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article imageUtility survey shows majority of Americans want renewable energy

By Karen Graham     Oct 5, 2018 in Business
While Americans are almost manic in their political beliefs, there is one thing the majority does agree on — and that is renewable energy. It is clean, high-tech, it provides jobs and it is the future — and new research shows Americans want it right n
It seems that not a day goes by that another company, global corporation, city, country or state commit to 100 percent renewable energy. In the United States, of over 80 cities making the commitment, six have already achieved that goal.
Now the target dates vary, from 2020 to 2050, but taken as a whole, they are beginning to add up. And here's the thing — even if policymakers never force utilities to produce renewable power through mandates, if all the biggest customers demand renewable power, the utility companies will be mandated to produce it.
The shift is industry-wide
Believe it or not, but this situation has created a great deal of alarm with many utility companies. And this is not to say there are some very visionary utilities that have grasped the bull by the horns and are making headway in the shift to renewables, but they are still in the minority.
Duke Energy today announced plans to install North Carolina s two largest battery energy storage sys...
Duke Energy today announced plans to install North Carolina's two largest battery energy storage systems.
Duke Energy
Utilities don't like being told they have to do something within a certain amount of time, and most of them don’t believe the technology exists to make 100 percent renewables work reliably. They still believe that to cover the variability of renewables, even with storage batteries, the grid would still have to be balanced with natural gas-fueled power plants.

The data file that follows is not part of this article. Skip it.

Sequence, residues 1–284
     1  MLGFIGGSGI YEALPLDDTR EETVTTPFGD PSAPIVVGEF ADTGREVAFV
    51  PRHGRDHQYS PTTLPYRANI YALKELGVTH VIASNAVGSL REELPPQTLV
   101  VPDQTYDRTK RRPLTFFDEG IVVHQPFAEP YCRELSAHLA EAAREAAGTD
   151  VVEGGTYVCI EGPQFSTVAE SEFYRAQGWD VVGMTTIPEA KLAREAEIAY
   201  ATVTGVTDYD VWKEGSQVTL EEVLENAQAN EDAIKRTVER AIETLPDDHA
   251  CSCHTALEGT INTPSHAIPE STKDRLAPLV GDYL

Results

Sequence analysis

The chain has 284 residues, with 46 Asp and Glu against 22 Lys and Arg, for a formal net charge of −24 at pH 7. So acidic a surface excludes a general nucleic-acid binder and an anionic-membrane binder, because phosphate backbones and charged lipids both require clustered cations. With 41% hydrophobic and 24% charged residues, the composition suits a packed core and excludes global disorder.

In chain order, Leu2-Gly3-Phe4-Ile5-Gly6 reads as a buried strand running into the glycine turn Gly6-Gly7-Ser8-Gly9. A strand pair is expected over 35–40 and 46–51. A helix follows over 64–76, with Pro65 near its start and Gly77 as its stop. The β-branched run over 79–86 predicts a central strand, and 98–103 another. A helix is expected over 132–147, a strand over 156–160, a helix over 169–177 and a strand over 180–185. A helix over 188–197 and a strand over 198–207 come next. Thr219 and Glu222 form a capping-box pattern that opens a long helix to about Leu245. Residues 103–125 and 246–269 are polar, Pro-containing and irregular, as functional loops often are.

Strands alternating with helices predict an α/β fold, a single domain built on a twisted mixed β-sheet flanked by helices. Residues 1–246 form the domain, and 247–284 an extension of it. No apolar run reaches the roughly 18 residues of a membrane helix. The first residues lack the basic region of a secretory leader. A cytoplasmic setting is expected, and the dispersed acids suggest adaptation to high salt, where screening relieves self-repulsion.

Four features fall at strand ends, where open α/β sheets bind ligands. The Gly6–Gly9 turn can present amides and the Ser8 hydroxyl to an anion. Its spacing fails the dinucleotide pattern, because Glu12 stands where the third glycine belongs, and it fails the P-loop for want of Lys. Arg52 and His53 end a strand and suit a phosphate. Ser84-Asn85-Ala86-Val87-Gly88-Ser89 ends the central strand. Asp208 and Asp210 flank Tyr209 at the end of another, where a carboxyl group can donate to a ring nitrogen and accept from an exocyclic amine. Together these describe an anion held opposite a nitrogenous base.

But perhaps the biggest worry utilities have on their mind is "stranded assets." Going to 100 percent renewables would mean shutting down all their fossil fuel-powered generating stations. To make a long story short, "Americans want renewable electricity, and they want it now," according to Green Car Reports.
An Industry searching for a message
A research study was conducted by Maslansky & Partners , a market research firm, was done at the request of the Edison Electric Institute, a trade group for utilities. The study analyzed existing utility messaging, interviewed utility execs and environmentalists, ran a national opinion survey, including a couple of three-hour sit-downs with “media-informed customers"..
The results of the research were distributed at the annual fall meeting of EEI board members and executives. According to, the results are "striking."
The survey and polling show quite clearly where public opinion stands on renewables, with 70 percent of those polled saying they were in favor of 100 percent renewables. Vox points out: "Renewables are a public opinion juggernaut. Being against them is no longer an option. The industry’s best and only hope is to slow down the stampede a bit (and that’s what they plan to try)."
As for the utility companies messages, it seems to center around what they are saying to the public in the way of excuses for why they aren't moving faster in embracing renewables. Today's consumer is smart and technology-savvy. The survey tested various ways the utility companies could explain to customers why they are moving so slow in walking toward renewables:
So it comes down to the public not wanting to hear a message full of excuses for why something can't be done. As Vox's David Roberts writes, “The decarbonization ship has sailed. Renewable energy is in the vanguard and, at least for now, it appears unstoppable. At this point, it is difficult to imagine what could turn the public against it. The more relevant question is when lawmakers will catch on to renewable energy’s full political potential."
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